Wednesday, September 28, 2016

Book Review: Being a Girl


Rating: 4/5

I received a digital copy of this book from NetGalley in exchange for an honest review

Being a girl can be really neat and fun! But it’s not always perfect, because us girls have to put up with a lot, between periods, beauty expectations, and ultimately living in a man’s world. Still, that doesn’t mean we have to go through it alone!

This was honestly such a cute read. Being a Girl is a comprehensive guide for any girl in their teens--and even older!--that covers a wide range of topics, from beauty to peer pressure to dating and more. Hayley Long's voice is full of humor and all the girl-supporting vibes as she guides the reader through all of these different aspects of girlhood, while Gemma Correll provides charming and quirky illustrations. But there’s also an inner feminist strength in this book as Hayley frequently comments on how society is so often to blame for the pressures and expectations placed on us...and also reminds us that we don’t have to put up with it if we really don’t want to! (*fist pump* Yeah!) She also encourages her readers to find their inner lioness to stand up and be a good example for women — that is, being a good person, showing confidence, and being above cattiness and being mean to other women. 

As a feminist myself, I really appreciated this and just how much this book is aimed toward providing helpful tips and information, and supporting young women. There's even a section at the beginning of the book titled “Herstory" that goes into more detail on women’s history and the not-so-great realities of living in a man’s world: AKA: the patriarchy. 


Along with this, there are sections dedicated to gender identityincluding what it means to be transgendertopics on periods and birth control, what a healthy relationship looks like, and more. The author takes the time to explain each of these different topics in an approachable, easy-to-understand way, and there's so much useful information that I know I would have truly appreciated, had I read this book when I was a teenager. Plus, I cannot stress enough how cute the illustrations are throughout.

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Overall I found this such a fun read and I really appreciate that there's a graphic novel completely dedicated to girls! The only complaint I had with this book is that a lot of the time it felt very much like a typical teen magazine/self-help guide to puberty. (That’s what I get for being overly excited and not reading the full description, I guess!) I was hoping this would be about celebrating girlhood overall, filled with lots of female empowerment and positivity — not that it doesn’t still include some of that! Still, it wasn’t even just that this book was heavy on the girly-girl and puberty aspect. There were moments where I felt it was a bit too squeaky clean and lecture-y. It started on the talk about peer pressure when the author started laying on the anti-drugs and alcohol talk a little too thick, listing a thousand reasons why you shouldn’t smoke and how anyone who smokes is insane and how drinking until you puke isn’t cool. I don’t personally drink or smoke either, but this still made me feel like I was back in my 7th grade health class. It’s totally fine to try to dissuade teens from drinking and smoking as much as you can, to an extent, but it should also be said that that’s sometimes just a part of peoples’ lifestyle. Is it healthy or glamorous? No. But it is what it is, and it definitely does not make one the better person by putting down others who like to have fun and go out drinking. That’s the opposite of supporting women! With this, there are other times when the author passes judgement, like saying girls shouldn't wear too-large clothing or shave their arms or have hickeys if they want to stay classy. This definitely turned me off a bit, and at times it felt too much like the author was lecturing the reader on how a girl is supposed to dress and come across. Not to mention this veers dangerously into the territory of "Don't be like those other girls who___" and seems counterproductive to what the book should be about...which is celebrating differences and uniqueness among girls!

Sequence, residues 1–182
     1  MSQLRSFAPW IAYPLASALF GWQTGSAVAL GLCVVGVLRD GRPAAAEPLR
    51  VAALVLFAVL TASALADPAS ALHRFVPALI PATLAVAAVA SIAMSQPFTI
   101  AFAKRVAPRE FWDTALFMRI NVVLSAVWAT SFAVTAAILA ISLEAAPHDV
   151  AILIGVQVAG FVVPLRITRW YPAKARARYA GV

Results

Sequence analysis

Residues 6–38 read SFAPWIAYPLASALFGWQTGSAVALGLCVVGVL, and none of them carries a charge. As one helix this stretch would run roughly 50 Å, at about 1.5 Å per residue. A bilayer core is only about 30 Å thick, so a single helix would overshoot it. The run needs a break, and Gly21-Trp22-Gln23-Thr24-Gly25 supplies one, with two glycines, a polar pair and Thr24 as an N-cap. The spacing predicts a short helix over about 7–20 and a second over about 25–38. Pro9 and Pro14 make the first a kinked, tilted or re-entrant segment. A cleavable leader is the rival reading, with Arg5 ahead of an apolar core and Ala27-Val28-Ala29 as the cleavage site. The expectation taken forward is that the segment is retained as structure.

For the most part, Being a Girl is a fun, lighthearted read, filled with helpful information and advice, and complemented with adorable illustrations and flow charts to help its readers navigate the waters of being a girl. And maybe with the few concerns I've mentioned I'm just overly sensitive. Maybe I'm being too much of a feminist and this book is only meant to be a gentle beginner's guide for those just entering girlhood. Still, I think it's important to be aware of these criticisms and to not take necessarily everything in this book to heart. Because while the author makes disclaimers like, 'Of course, you can technically do what you want...' there are still moments where she seems to contradict herself, and judgements are passed. For all it's worth, I think this is a pretty swell guide to girlhood, but I still think it's worth saying that there is more than one way to be a girl: whether you're a girl who likes to go out for a drink and a smoke or a girl who likes staying inside reading; whether you're a girl who likes slim sweaters and leggings or a girl who rocks it out in short skirts and crop tops. Whatever your style, whatever your grace, it's cool to be a girl, and we all gotta stick together!

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